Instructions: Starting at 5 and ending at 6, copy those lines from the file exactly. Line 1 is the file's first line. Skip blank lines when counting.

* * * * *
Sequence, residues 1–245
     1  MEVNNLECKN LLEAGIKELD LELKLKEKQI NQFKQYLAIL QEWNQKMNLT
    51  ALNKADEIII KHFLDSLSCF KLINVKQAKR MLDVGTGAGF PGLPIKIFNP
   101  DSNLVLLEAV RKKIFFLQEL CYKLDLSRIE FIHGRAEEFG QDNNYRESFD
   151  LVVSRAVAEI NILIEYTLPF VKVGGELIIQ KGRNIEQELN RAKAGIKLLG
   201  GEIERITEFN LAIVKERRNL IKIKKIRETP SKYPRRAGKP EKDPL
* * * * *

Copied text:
   151  LVVSRAVAEI NILIEYTLPF VKVGGELIIQ KGRNIEQELN RAKAGIKLLG
   201  GEIERITEFN LAIVKERRNL IKIKKIRETP SKYPRRAGKP EKDPL